About the Calumet & Arizona Guest House
1906 noted Southwest architect Henry C. Trost designed a home
for the Joseph E. Curry family. Mr. Curry was chief clerk
for the Calumet & Arizona Mining Company. The "C&A"
subsequently acquired the house and, after altering it to reflect
an increasingly wealthy community, used it as their guest house
for visiting VIPs.
After passing through a few owners and many changes to meet
the needs of an always changing mining community, it became the
residence of the Timbers in 1977, and since that year they have
been conducting the careful restoration and enhancement of the
home and its grounds. Countless architectural details and
period furnishings are the result of a long ago art of craftsmanship
and sense of proportion, which are lost to us today.
The garden was at first intended to be only a beautiful frame
for a most extensive preservation and enhancement of an historic
home. However, its development has become a many year and captivating
project in its own right. Terracing, massive walls and rocks,
impart a bold three-dimensional texture to the grounds and compliment
the massive lines of the structures. Mostly lush desert flora
has been selected, to which our particular Southwest zone is
friendly, as well as suiting the home's Mission revival theme.
All of our rates include our full breakfast, cooked to order for each gues, and served in our elegant dining room. Guests may select from a menu which includes fresh fruit salad, juice, coffee, tea, milk, bacon, eggs, cottage fries, homemade granola, french toast made with homemade whole wheat bread, broccoli/cheese quiche, crepes filled with scrambled eggs topped with an Holandaise sauce, Eggs Benedict and homemade toast and jellies.
Our guest rooms are from normal (150 sq.ft.), to a very spacious
(500 sq. ft.). Period wallpaper adorns the walls and antiques,
from collectable grade to family heirlooms, to museum quality
are throughout the home and bedrooms.
The home was built just after the railroad arrived in Bisbee,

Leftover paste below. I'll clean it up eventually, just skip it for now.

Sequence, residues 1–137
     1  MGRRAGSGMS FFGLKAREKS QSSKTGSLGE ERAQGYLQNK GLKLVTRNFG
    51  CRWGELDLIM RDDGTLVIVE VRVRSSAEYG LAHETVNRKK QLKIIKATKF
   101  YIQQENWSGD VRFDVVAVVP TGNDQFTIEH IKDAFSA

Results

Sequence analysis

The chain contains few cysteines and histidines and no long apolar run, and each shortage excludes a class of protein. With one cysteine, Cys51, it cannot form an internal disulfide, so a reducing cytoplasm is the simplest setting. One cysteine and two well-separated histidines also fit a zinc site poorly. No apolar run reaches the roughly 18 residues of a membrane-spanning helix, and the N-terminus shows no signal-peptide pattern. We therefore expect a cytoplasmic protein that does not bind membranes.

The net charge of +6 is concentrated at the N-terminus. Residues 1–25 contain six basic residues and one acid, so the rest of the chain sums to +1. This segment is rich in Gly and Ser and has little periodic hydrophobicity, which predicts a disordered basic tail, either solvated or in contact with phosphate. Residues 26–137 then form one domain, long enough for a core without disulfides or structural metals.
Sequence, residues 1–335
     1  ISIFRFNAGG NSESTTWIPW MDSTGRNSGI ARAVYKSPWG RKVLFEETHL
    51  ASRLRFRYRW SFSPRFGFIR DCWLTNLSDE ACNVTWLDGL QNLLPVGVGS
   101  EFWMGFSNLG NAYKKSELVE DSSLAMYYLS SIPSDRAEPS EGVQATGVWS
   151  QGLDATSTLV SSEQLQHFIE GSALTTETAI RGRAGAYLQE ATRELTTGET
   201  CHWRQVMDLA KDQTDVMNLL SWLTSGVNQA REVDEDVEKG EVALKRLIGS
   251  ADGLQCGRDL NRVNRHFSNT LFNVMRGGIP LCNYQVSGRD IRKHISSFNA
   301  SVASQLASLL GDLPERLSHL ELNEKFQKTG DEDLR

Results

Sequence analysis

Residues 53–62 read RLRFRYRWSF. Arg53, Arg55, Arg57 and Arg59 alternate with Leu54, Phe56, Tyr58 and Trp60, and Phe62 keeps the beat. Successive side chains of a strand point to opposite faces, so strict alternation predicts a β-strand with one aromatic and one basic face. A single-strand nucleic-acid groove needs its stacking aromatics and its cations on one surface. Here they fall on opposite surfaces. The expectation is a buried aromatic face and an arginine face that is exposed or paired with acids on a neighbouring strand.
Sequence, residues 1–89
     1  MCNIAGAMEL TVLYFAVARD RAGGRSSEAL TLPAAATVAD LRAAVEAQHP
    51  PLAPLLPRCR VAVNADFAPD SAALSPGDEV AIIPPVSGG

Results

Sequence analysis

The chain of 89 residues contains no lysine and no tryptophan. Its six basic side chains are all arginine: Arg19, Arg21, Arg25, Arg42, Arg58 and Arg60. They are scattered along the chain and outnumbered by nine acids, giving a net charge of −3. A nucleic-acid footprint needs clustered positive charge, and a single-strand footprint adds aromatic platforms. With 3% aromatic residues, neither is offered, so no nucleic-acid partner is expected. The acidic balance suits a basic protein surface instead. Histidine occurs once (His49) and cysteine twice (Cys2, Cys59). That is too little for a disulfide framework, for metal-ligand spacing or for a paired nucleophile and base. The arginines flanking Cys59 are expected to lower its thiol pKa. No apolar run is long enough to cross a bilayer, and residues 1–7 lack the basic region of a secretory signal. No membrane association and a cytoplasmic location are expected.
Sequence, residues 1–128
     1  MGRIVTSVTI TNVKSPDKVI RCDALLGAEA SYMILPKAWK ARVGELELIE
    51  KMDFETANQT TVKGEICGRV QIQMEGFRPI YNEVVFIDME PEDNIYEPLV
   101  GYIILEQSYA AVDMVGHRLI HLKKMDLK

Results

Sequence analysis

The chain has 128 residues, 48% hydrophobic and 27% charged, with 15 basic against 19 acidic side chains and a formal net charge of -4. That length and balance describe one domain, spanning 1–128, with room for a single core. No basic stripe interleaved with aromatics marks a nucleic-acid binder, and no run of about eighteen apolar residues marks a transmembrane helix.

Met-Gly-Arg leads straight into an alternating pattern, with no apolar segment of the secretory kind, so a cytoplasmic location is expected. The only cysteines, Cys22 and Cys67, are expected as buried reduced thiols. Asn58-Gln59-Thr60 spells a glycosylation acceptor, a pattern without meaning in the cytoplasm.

so materials could be more easily brought in from around the
country, choice materials otherwise rare in Bisbee before the
coming of the railroad: bathroom fixtures, door hardware, and
woods of different kinds- some finely crafted and finished- are
generously used as trim, flooring, wainscoting and cabinetry.
The old and curiously imperfect glass is prevalent, but also
there is some finely cut, beveled and leaded for ornamental purposes.
A coal fed boiler in the basement that served cast iron radiators
in all the rooms has been left as original as possible, but its
function has been superceded by modern central heating.
The areas common to all, i.e. apart from the private bedrooms,
are in the grand old way of spacious and numerous: living room,
music room, dining room, atrium, halls, landings, porches and
a woman's dream kitchen- large, attractive and a blend of the
old but yet with modern efficiency and convenience.
Evidently the home was always loved for what it was by its
previous owners, because almost all of its antique architectural
details had been carefully guarded and preserved. During the more than three decade process of modernization and renovation by its current owners, changes such as central heat and air conditioning, evaporative cooling and WiFi internet connections have been subtly incorporated into the home to make it more comfortable and convenient for guests.